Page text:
CLDG and its svd Values

Table 16 shows the values of the svd of CLDG. The direction of the disturbances that will affect the HEN the most is the same as the values found from svd of Gd, although the magnitudes of their effects are slightly different. Those having the least magnitude of effect will be preferred.

Calculate the Disturbance Sensitivity under Partial Control

Table 17 shows the matrices of the PDG, when all disturbances occur simultaneously. Those having the smallest values will be preferred.

Perfect and Acceptable Control

Table 18 shows the maximum value of the two manipulated variables in order to reject each and all the disturbances in the HEN to have perfect control. If numbers are above 1, then we have to consider that we only are able to have acceptable control. Table 18 shows the maximum value of the manipulated variables (bold and underlined) in order to achieve acceptable control, which means that the target temperatures will have a variation within a range of [+ or -]5 [degrees]C from the specified set point value. If some of the values of [U.sub.min] are greater than one that means that the bypass has no capacity to reject the disturbance and we might have a large offset. In the case of all disturbances occurring simultaneously, we take into account the direction of maximum effect.

Resiliency Index

Table 19 shows the values of the resiliency index for each of the HEN for each individual disturbance and when all disturbances occur simultaneously. Those with the largest values will be preferred.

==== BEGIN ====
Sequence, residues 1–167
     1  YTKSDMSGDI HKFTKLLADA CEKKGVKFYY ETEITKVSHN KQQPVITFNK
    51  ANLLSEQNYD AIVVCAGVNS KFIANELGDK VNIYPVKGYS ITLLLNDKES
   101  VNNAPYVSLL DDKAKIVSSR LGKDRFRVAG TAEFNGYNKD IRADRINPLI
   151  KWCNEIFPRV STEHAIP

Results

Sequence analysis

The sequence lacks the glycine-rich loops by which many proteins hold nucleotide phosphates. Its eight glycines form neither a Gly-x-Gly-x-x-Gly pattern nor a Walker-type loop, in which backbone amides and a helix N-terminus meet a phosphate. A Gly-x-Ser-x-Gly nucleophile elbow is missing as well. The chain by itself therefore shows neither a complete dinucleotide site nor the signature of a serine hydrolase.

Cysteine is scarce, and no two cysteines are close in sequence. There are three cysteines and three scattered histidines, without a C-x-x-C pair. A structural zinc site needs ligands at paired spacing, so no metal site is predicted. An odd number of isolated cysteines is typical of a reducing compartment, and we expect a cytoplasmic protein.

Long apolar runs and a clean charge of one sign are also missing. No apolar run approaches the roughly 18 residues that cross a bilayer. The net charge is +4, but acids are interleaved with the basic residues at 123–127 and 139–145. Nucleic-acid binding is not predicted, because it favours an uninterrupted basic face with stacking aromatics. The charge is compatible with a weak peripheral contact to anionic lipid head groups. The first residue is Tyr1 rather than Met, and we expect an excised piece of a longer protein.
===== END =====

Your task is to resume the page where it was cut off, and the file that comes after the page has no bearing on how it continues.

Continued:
Some Results From Dynamic Simulations

Analyzing all the values presented in the above tables, we can determine that overall HEN#1 is the most appropriate arrangement, because, overall, it presents the best values of all the controllability parameters. Figure 10 shows the dynamic behaviour of HEN#1 due to set point changes, this was confirmed by the maximum singular value of PRGA ([[SIGMA].sub.[GAMMA]ii]), which is the smallest among all HENs. Figure 11 shows its dynamic behaviour to disturbances in WC[p.sub.H2] and T[S.sub.H2], and Figure 12 shows its dynamic behaviour to disturbances in T[S.sub.H2] and in T[S.sub.C4] and the HEN on partial control. In Figure 11 we observe that WC[p.sub.H2] disturbances occurring in HEN#1 imply a saturation of the manipulated variables, something that is confirmed from the results shown in Table 18 for [d.sub.2]. All of these figures corroborate that the results from the controllability measurements based on steady-state information agrees with the dynamic simulation of the different operating scenarios when disturbances occur or when the plant is subject to partial control.

[FIGURES 11-12 OMITTED]

CONCLUSIONS

The above methodology using the controllability measures proved to be a useful screening tool to determine the controllability of a set of potential HEN for a particular heat integrated plant. The magnitude of such measures can be used to determine the more controllable HEN, and dynamic simulations support the results from this methodology. By keeping the methodology simple and practical, the hope is that it can be easily understood and exploited by process and control systems design engineers using commercial simulators, in the design of actual chemical processes.